Issue 1. In most cases I’m turning color into black and white.  So, black will probably be black, and white will probably be white, but what about all those other in-between colors?  Often their fate is determined not by their absolute value, but by how they compare to the colors around them.  A red flower against a yellow wall will be rendered as black, while the same red flower would be rendered as white if it were in front of a dark-leafed shrub.  Or take the case of the Eiffel Tower, where in fact the entire structure is painted the same color, but I’ve rendered some parts black and some parts white depending on their background, as suggested by my photograph.  The tricky part was the transition.
        Issue 2. I am not attempting photographic levels of detail in my block prints, so lots of a photograph’s details will need to be simplified.  The judgement is always which elements are essential and which are the bits that won’t be missed.  If there are ten of something, perhaps the image will be just as clear - or even clearer - with only six.  On the other hand, perhaps ten is an integral element, without which it just wouldn’t be right!  For my Boston Sand & Gravel Co., I’ve eliminated some of the structures in the foreground, and some of the words and signs.  Backgrounds especially can usually be simplified or even eliminated, and textures can often be simplified.  The ultimate goal is not to be faithful to the photo, but to make a good block print, which brings us to…
        Issue 3. I may be copying a photo, but that doesn’t mean I’m under any obligation to stick with elements I don’t want.  I get Artistic License to rearrange things, eliminate things, add things in, crop or expand, move things around or adjust their relative proportions, and so on.  Sometimes I leave everything pretty much just as the photo shows, as in the Stairway at the top, but other times I wield the artistic license and change things up.  In one of the pieces I carved during my last show, I worked from a photo I had taken back in 2000 in New York’s Chinatown.  You can see that my piece clearly copies the photo, but I did switch around some of the vegetables.  In the upper right I replaced some middling brown roots with pure black eggplants, and in the lower right I switched out some greens that were very similar to their neighbors for some nice dark spinach for greater variety.  I also changed a few prices, also for variety, and shifted the whole angle very slightly so that the vegetables showed their length a little more recognizably, instead of just their round ends.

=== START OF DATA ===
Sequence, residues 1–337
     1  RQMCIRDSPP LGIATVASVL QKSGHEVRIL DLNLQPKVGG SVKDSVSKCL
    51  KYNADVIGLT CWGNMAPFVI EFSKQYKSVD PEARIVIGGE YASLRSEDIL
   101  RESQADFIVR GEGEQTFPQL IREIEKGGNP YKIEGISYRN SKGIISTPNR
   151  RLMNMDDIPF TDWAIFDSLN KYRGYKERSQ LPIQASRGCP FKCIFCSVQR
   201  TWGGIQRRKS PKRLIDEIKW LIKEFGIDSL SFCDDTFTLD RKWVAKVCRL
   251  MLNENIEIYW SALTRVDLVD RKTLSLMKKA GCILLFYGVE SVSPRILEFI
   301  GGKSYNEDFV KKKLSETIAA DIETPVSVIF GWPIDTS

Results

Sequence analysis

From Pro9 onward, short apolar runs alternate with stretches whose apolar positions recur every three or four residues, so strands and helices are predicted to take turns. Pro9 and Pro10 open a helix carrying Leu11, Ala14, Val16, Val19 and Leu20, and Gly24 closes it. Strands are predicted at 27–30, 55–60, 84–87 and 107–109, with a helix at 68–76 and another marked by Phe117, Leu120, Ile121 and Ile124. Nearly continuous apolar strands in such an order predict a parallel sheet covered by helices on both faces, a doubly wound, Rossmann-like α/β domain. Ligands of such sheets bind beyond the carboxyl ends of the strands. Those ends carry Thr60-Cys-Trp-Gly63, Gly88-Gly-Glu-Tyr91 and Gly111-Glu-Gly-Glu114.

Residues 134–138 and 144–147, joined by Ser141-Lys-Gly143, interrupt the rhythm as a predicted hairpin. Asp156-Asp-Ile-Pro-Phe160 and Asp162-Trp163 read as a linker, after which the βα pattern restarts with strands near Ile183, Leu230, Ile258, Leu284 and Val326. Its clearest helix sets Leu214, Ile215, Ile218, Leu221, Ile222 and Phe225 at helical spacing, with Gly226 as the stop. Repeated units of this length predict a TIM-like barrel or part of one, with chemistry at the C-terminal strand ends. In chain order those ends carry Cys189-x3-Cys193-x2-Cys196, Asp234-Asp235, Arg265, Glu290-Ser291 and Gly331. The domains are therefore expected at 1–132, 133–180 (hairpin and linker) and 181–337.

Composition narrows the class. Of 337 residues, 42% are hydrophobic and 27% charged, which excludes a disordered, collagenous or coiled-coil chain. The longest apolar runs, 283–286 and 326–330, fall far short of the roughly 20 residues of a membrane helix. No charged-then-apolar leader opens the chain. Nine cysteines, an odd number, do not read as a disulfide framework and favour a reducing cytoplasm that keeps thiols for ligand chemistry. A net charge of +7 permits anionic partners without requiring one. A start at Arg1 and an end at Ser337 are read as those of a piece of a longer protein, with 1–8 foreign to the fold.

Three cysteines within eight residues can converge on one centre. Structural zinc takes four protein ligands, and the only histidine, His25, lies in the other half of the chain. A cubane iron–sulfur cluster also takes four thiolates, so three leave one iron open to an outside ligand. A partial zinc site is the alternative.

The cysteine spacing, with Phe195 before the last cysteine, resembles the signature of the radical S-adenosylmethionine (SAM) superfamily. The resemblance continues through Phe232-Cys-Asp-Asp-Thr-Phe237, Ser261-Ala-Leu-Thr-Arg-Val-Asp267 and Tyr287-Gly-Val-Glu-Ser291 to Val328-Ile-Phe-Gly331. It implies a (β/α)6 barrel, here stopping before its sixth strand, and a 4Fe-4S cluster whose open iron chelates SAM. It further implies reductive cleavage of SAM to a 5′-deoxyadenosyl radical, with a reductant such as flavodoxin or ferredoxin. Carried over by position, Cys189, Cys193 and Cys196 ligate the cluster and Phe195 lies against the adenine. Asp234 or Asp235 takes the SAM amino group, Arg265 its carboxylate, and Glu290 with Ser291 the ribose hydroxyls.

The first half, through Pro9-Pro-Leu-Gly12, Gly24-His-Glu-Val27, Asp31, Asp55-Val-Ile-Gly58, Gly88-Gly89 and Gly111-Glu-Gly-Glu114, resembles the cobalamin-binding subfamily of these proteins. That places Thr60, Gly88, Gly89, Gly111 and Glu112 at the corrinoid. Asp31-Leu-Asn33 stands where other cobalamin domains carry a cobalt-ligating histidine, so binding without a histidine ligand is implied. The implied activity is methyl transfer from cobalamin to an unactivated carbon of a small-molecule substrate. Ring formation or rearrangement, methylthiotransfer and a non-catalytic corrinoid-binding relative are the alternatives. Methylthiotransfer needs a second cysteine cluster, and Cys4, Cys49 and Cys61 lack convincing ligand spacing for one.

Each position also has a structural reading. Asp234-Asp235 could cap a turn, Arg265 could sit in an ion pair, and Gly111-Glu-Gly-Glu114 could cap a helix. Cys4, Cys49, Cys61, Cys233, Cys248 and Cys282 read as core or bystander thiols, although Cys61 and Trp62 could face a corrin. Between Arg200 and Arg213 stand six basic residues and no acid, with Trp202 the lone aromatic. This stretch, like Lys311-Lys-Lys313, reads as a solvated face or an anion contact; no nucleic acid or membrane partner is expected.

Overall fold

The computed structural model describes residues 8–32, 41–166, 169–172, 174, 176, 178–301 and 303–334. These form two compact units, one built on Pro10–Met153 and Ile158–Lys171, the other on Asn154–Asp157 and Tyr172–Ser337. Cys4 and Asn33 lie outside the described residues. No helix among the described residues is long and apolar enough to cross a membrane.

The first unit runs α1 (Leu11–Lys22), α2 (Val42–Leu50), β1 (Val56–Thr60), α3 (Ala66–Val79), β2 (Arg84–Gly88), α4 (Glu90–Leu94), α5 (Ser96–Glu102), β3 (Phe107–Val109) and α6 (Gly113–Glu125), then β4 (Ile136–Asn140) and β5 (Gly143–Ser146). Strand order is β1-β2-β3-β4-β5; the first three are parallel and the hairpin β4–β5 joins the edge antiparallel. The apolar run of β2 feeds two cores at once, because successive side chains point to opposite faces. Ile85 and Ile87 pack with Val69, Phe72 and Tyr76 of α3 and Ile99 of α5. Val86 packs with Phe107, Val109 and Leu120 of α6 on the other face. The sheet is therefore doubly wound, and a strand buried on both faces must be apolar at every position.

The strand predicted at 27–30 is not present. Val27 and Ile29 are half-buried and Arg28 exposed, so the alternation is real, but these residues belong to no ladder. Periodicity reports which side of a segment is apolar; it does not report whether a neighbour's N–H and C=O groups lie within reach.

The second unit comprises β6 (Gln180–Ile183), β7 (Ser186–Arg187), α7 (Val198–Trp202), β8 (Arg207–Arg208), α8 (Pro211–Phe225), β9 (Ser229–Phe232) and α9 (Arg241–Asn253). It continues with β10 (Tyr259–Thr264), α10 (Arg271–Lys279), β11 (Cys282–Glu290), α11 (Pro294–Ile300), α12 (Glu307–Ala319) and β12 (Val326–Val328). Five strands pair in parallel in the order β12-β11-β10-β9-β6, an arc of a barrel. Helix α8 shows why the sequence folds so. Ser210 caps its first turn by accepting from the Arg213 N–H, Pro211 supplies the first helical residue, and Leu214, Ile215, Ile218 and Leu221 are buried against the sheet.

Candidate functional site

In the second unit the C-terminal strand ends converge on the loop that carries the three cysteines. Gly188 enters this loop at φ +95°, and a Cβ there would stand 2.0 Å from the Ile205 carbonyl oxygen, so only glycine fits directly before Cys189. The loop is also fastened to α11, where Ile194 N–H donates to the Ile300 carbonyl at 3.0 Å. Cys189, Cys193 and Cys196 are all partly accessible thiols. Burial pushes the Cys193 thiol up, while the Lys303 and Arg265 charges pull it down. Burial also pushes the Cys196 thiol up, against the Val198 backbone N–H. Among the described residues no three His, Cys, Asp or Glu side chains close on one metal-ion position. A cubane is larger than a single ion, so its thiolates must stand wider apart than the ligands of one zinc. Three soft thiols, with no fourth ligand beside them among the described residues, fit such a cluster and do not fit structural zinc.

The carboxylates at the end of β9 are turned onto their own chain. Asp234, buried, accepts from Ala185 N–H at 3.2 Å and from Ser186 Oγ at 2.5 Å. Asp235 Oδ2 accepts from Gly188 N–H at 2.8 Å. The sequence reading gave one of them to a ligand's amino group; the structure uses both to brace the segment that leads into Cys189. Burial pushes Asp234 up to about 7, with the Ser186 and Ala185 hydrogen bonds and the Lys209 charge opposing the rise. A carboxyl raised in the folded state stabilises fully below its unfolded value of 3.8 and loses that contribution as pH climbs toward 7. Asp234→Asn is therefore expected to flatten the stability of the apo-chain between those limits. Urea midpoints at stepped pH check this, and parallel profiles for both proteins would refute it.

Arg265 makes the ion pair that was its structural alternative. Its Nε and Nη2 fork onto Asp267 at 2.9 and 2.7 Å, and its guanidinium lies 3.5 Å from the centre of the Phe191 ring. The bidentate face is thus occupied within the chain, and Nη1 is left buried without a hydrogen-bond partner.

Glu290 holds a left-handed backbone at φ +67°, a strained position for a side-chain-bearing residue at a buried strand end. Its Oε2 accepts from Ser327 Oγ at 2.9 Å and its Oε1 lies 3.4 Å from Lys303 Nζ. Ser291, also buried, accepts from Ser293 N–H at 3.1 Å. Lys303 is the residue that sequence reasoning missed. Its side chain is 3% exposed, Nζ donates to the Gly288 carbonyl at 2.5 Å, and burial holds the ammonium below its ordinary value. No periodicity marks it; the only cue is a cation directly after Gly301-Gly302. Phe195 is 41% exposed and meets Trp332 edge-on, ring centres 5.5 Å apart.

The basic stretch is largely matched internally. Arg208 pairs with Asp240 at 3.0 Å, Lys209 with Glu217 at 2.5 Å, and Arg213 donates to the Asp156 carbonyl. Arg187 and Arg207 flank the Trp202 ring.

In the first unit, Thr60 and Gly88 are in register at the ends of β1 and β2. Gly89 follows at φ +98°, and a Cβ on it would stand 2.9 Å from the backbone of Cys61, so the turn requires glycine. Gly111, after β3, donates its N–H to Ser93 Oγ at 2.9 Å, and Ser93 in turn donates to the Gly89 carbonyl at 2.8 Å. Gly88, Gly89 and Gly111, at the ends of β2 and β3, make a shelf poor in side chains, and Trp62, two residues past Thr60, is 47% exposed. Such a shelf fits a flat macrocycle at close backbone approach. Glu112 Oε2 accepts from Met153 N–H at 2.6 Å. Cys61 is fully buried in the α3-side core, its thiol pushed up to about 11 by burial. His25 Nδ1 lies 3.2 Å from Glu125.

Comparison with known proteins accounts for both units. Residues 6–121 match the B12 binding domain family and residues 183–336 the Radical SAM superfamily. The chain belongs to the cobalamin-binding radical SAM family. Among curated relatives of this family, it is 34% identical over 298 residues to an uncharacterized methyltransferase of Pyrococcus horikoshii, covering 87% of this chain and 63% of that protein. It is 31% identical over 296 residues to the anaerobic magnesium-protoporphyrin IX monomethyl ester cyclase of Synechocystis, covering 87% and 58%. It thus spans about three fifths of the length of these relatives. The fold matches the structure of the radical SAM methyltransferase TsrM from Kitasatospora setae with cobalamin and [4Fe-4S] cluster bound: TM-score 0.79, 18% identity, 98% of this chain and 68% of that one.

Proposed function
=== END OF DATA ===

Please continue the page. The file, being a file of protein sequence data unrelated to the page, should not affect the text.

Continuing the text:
These Cormorants show some other types of editing from the original photo.  First, my piece is cropped in on just one area in the lower center of the photo.  I also cut some of the pilings right out, and moved others in from other parts of the photo.  And I added in two more cormorants lifted from other photos, because they weren’t present in this one.  Again, the goal is to make an appealing block print of cormorants, not to reproduce exactly a snapshot that in this case is not even a particularly good one. 
        So yes, I use photographs for many of my pieces, and find them very helpful indeed.  I also love taking photographs wherever I go, and you can revisit a previous post about how even if I never happen to use a photo directly for a block print, I think the practice helps keep the creative juices flowing.

[Pictures: Stairway in the Garden, wood block print by AEGN, 1998, photo by AEGN, 1995;
Eiffel Tower, rubber block print by AEGN, 2015, photo by AEGN, 2001;
February 15, 1999 - Boston Sand & Gravel, rubber block print by AEGN, 1999, photo by AEGN, 1999;
Market, rubber block print by AEGN, 2018, photo by AEGN, 2000;
Cormorants at the Old Pier, rubber block print by AEGN, 2011, photo by AEGN, 2001.]

November 3, 2018

Working from Photographs (Part I)

        At my last show someone asked me, “I hope you won’t be offended, but do you ever work from photographs?”  The idea that I might be offended by the suggestion is sort of a funny one.  I consider working with the aid of photographs to be essential research into my subject.  Yes, I know that there has been a certain snobbery that a true artist needs no such aids.  That must be related to the idea that Renaissance artists were somehow “cheating” if they used a camera obscura, as if bringing some ingenuity to bear on a problem is genius, but bringing all your ingenuity makes it too easy or something.  But I never went to art school and was never trained to be a “true artist” anyway, so I’m going to set any judgments aside and simply describe some of the ways in which I do use photographs.